Written by Alexandra Preston
A common view of depression and anxiety is that they are purely biological, caused by a chemical imbalance. However, psychological trauma can play a key role in their development. Stressful life events are more closely associated with the onset of depression than genetics, and a survey of over 22,000 people found that adult survivors of abuse were several times more likely to have attempted suicide. Often, we must help patients heal trauma, so they can heal from depression. One intervention proving to be very effective in these situations is Eye Movement Desensitisation and Reprocessing (EMDR).
What is EMDR and What Can it Do For Me?
EMDR was developed in the 1980s by American psychologist, Dr Francine Shapiro. One day, she recalled distressing events of her own while out walking and felt improvements when she allowed her eyes to rapidly move back and forth. Later, she experimented with 70 people to develop consistently effective techniques, and EMDR was born.
If I have depression or anxiety, why should I consider EMDR? Simon DuBois, psychologist at The Health Lodge, explains: “EMDR is particularly good for addressing life experiences that continue to affect us today. In therapy we are often asked to recount them. This can be helpful as it lets us make sense of them, while taking the fear out and understanding them as things that happened in our past.
Sometimes, recounting our story can be too stressful and overwhelming. We just want to move on and stay in the present. EMDR uses key elements of information and the innate wisdom of your body and mind to process them, with skilled help of the therapist. You will still work hard, not by reliving the past, but using the inbuilt ability of your mind and body to take the intensity of emotional distress out of your daily experience.” All of this means that EMDR can be very empowering, and the best therapy if you are more sensitive, or have a more severe history of trauma.
Why We Use EMDR for Depression and Anxiety
Deirdre Middlehurst, one of our clinical psychologists, uses EMDR to “resolve the underpinnings to the development of (exogenous) depression and anxiety.” She states that “Both depression and anxiety are symptoms; efforts by our human system to bring our attention to an underlying 'threat'. EMDR addresses the underlying issue so that the symptoms need no longer be there.” Besides EMDR, “The current research-supported therapies for either depression or anxiety are CBT, mindfulness, or CBT with mindfulness.”
A 2013 review of research by Cochrane, an authoritative source for evidence-based practice, found that both EMDR and trauma-focused CBT are the best psychological therapies for PTSD, both immediately and several months after treatment. EMDR significantly relieved depression and anxiety associated with trauma and was either equal or superior to other therapies.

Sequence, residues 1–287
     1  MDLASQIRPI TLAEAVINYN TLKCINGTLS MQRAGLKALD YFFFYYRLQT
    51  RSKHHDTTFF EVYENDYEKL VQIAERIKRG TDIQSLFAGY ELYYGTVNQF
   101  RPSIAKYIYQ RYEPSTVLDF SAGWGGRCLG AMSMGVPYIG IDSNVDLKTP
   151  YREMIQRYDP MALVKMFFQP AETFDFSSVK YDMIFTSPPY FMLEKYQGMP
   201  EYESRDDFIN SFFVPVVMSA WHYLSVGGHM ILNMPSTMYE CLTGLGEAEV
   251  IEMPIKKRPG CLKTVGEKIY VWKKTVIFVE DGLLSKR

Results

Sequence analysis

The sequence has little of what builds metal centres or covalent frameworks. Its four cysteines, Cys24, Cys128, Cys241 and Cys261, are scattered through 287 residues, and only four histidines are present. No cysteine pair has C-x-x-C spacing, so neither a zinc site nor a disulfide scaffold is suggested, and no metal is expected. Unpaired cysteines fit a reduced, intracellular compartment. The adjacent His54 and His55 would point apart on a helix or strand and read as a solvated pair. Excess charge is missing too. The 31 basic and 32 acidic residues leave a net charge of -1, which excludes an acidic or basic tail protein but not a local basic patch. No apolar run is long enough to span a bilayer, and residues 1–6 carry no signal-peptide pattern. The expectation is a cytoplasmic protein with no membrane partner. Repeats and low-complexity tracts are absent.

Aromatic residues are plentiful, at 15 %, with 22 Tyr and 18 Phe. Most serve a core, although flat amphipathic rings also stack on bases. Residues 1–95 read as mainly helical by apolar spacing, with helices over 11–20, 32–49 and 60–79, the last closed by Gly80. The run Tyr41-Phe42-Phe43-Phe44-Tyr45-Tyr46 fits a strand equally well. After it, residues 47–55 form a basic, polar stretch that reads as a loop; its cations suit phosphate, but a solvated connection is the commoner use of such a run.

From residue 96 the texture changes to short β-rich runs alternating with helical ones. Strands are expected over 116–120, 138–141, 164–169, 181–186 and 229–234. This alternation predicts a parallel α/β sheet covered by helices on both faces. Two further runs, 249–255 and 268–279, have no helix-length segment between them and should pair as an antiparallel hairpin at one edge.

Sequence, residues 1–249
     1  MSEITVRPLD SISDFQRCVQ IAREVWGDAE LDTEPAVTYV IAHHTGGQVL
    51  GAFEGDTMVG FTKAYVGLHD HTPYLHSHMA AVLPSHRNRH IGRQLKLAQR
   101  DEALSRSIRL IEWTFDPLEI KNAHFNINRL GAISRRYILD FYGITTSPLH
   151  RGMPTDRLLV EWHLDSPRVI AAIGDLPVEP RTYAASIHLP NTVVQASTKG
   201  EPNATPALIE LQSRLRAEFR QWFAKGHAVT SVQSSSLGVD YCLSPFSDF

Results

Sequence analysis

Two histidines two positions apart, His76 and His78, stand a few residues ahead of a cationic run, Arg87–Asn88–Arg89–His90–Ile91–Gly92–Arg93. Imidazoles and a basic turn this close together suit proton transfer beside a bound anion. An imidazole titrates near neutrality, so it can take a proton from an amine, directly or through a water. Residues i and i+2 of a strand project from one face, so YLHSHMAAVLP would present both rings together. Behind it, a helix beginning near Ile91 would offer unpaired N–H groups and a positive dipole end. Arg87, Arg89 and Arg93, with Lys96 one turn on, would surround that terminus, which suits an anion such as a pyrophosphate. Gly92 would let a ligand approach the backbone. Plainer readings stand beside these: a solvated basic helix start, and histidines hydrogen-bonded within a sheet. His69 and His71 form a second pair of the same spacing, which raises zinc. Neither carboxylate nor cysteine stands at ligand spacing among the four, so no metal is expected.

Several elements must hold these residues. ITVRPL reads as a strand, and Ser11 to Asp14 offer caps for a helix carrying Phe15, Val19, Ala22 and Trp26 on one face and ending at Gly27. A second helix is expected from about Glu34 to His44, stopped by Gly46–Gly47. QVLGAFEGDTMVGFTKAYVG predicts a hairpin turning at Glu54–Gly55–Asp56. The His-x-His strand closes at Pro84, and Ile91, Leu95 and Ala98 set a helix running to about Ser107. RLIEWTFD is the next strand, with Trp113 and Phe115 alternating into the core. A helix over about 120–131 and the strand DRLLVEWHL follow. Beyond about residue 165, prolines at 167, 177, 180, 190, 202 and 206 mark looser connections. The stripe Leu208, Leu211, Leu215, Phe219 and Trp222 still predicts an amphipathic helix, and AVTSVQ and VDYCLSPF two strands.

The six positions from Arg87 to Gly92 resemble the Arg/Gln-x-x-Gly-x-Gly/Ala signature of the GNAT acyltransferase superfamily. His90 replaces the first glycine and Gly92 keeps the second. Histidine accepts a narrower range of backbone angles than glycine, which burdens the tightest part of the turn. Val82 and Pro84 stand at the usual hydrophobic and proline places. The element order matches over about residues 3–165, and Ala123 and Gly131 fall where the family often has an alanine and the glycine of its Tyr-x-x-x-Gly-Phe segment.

A small trial published two years later compared the effects of EMDR with usual psychotherapy treatment. At the end of the study period, 11 of 16 patients receiving EMDR achieved remission, defined as scores on the Beck Depression Inventory falling below 12. Their average score was 21 before the therapy, and 7 afterwards. Using another depression scale, their average scores fell from 20 to 7. In the control group, it only dropped by four points, despite similar initial scores.
Do we really need the eye movements use in EMDR? Yes; an analysis of 24 studies not only found that it may work faster than other forms of psychotherapy, but that the eye movements play a key role in relieving intensity of emotional trauma.
What Else Can We Do?
If you have depression, anxiety or both, your healing journey will most likely involve an integrative team of practitioners who work with different modalities. For example, you may see a psychologist, naturopath and craniosacral therapist.
What may a naturopathic treatment plan look like if you have a history of trauma? As Reine DuBois our clinical director and Naturopath tells us, “Naturopathy has a lot to offer when resolving PTSD and working in with EMDR. N-acetyl cysteine, good quality omega 3, phospholipids, and B vitamins all help to reduce brain inflammation and restore brain rhythms. Addressing the gut microbiome is also essential, as high amounts of adrenaline often creates leaky gut syndrome and poor immune tolerance to certain foods.” Besides maintaining the gut lining, the microbiome also ‘talks’ to the brain. If healthy, it aids emotional regulation and cognition.
Rachel Coulter, our Physiotherapist and craniosacral therapist at The Health Lodge, adds: “Craniosacral therapy, myofascial release, and visceral techniques can be useful adjuncts to EMDR. These modalities allow gentle release of tension in the body. This helps to downregulate the nervous system. Releasing tension may reveal memories and emotions such as fear, grief, and anger. It’s not always ‘bad’ memories and emotions that are revealed. Often positive emotions such as love, joy, peace, and connection can be experienced as well.” In fact, compelling research presented at a 2009 naturopathic convention found that craniosacral therapy can even relieve anxiety and physical manifestations of severe trauma in ex-political prisoners!
What if a friend or loved one is suffering from depression or anxiety? It’s natural to want to help, so Deirdre advises us to “Recommend the friend seek out a therapist competent in addressing the psychological issues. Explain that there is no longer a stigma around seeking professional help … There is no need to suffer needlessly.”
Depression and anxiety may make you feel like there is no way out, but don’t give up. There are integrative options; to see which are right for you, click on the links above to learn more about our practitioners and book an appointment. We are here for you, to guide you through the path you decide to take.